Local organisation Sustainable Huddersfield recently hosted a webinar titled ‘Hungry for Change’. It will come as no great surprise that the overall theme of the event was food; food waste, food poverty, food availability and such.
Sustainable Huddersfield’s Chris Shaw was at the head of the virtual table, serving up a menu of guest speakers from near and far on the subject of food and food sustainability.
But first, what is Sustainable Huddersfield, you ask? A group put together by Huddersfield MP Barry Sheerman, their aim is to make Huddersfield a sustainable town, which covers a number of areas such as transport, employment, environment, business, health, and food. It’s a long-term endeavour, seeking to inform the way in which we will live, shop, work, and play for years, even decades into the future. But why is it important?
Sustainable Huddersfield’s goals are aligned with the United Nation’s Sustainable Development goals (of which there are 17), and in this way they are split into five ‘working groups’: Business and Manufacturing, Environment, Health and Wellbeing, Transport and Energy, and Comms and Culture. Which brings us full circle to the topic at hand – food.
Chris Shaw opened with an overview of the aims and aspirations of Sustainable Huddersfield, and one thing stuck out as quite a basic explanation but an important one. They want to “start a conversation between residents, activity coordinators, students, workers and policy makers”. This is mention-worthy for the use of the word ‘conversation’. It seems that in matters of local importance, many people feel that they don’t have the knowledge, understanding or confidence to get involved. But everybody can take part in a conversation, and these conversations need to be happening at every level of society. This is how issues become everyone’s problem, and how everyone can be part of the solution.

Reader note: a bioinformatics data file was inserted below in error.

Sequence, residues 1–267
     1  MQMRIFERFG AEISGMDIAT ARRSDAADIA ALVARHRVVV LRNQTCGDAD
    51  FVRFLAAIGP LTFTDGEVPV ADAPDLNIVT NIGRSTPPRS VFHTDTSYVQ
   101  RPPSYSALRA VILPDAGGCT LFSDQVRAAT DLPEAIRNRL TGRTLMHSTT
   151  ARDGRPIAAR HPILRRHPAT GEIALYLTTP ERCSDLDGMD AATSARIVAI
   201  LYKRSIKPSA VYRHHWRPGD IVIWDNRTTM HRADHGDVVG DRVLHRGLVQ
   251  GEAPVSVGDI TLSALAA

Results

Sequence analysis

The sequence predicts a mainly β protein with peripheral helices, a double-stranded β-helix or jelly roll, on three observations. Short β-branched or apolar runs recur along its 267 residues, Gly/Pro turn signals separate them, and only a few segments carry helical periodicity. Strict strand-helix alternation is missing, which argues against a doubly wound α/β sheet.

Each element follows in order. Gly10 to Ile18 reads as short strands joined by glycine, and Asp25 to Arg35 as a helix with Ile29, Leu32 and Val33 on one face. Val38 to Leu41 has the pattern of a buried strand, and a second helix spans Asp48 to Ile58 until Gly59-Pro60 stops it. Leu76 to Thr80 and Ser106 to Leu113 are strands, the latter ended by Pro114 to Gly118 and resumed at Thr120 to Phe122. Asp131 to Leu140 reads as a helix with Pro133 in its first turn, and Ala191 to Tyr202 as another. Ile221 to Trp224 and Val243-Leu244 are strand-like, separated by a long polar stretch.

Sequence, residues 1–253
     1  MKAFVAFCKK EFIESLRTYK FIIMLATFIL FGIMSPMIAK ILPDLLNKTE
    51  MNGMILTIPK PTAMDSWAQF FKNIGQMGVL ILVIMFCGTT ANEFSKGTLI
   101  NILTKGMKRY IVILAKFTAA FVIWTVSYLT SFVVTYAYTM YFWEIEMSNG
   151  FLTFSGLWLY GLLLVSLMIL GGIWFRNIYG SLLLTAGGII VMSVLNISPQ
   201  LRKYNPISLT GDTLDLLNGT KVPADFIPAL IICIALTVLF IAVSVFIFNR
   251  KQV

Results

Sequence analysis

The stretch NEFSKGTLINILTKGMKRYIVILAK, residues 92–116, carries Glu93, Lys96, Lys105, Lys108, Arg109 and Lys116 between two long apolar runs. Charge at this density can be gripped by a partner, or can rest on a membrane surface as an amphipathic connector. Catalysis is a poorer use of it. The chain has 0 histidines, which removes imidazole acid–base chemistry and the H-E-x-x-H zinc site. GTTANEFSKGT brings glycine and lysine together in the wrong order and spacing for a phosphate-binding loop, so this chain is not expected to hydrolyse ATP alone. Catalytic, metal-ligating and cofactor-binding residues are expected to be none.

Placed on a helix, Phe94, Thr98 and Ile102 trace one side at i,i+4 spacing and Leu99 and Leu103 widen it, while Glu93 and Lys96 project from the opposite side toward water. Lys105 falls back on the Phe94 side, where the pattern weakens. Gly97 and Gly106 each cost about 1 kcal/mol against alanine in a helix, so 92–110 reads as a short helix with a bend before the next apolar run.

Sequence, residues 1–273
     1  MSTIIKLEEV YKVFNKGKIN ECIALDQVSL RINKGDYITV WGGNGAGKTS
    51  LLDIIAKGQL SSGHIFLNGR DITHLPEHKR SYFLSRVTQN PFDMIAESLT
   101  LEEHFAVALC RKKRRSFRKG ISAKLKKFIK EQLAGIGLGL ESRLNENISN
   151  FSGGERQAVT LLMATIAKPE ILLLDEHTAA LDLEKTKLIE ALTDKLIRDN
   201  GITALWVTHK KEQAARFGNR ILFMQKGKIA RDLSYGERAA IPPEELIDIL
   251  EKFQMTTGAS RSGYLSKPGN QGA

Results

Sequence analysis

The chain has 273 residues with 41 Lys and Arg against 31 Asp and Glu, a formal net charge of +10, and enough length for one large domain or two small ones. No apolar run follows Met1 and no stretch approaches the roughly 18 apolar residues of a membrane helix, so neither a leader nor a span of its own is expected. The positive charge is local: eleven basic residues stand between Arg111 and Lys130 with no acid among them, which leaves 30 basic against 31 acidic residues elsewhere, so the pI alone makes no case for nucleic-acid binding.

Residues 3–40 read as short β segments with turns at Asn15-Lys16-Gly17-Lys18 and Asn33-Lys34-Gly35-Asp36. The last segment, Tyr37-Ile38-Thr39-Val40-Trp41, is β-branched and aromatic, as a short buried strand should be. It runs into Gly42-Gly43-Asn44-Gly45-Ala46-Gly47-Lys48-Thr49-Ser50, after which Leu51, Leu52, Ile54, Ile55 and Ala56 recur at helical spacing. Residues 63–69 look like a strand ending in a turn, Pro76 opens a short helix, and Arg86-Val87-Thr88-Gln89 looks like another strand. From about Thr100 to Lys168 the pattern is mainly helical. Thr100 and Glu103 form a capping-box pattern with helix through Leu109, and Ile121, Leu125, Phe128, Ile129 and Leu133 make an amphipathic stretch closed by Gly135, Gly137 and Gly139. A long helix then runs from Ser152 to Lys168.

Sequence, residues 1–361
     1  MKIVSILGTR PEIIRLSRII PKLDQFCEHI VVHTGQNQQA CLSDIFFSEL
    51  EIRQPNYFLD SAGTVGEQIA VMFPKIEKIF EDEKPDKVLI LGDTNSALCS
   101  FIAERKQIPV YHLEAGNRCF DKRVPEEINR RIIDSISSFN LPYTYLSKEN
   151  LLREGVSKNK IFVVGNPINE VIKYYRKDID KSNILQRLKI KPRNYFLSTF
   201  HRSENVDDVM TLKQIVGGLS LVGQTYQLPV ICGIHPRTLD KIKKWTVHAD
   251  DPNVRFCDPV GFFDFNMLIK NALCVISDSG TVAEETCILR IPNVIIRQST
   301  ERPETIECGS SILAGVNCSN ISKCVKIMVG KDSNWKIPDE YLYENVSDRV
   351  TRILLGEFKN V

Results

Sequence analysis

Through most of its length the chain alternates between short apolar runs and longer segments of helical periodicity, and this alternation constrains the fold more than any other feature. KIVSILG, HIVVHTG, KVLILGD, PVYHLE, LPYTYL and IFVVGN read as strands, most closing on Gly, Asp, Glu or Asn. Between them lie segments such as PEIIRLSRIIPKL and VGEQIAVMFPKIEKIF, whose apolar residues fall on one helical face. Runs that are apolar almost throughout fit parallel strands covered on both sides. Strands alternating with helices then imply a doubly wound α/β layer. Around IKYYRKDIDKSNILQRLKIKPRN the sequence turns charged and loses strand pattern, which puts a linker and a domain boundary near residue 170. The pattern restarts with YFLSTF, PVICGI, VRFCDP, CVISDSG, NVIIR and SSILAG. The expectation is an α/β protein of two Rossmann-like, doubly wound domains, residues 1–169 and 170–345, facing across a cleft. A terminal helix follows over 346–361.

Kate Auker, acting chief executive at The Welcome Centre on Lord Street, painted a realistic, stark picture of the issues faced by those who find themselves in need of their support. First, she told us how her mission was to put herself out of a job, which is an interesting introduction, but makes perfect sense. The closer we get to achieving truly sustainable food supplies, the less people will be needing them.
The Welcome Centre has been running for over 20 years, helping to plug the gap whereby people find themselves in food poverty. These people are in crisis, and need urgent help. This can happen worryingly easily, especially with more people living wage to wage. An unexpected bill, a broken down washing machine, health emergency, job loss, a delay in benefits. All of these events and more can lead someone to not have any money for food at all, and long-term food access issues will likely have dwindled any meager store cupboard supplies.
The pandemic has brought more people than ever to the doors of The Welcome Centre. In 2020, they handed out 10495 food packs, representing a whopping 200000 meals. Each pack is a 7-day food pack, and there’s a big focus on ensuring the food isn’t just there, but that each pack contains a good variety of items that will enable the recipient to make healthy nutritious meals. Sweeping redundancies and reduced incomes over the last year has seen a different demographic accessing food banks, so many visitors have never used them before.
Kate and her team on Lord Street are well aware of the issues and challenges faced by food bank users, especially if somebody has been made unemployed; their first payment from Universal Credit is likely to take 5 to 6 weeks to arrive. The team are also well-versed in the types of support available for people experiencing all sorts of problems due to financial hardship and can signpost people to the appropriate services.
As well as more people in need, 2020 saw other increases; a huge increase in the number of people making cash donations, as well as increased public support and more corporate donors, enabling The Welcome Centre to secure good deals when purchasing food in bulk.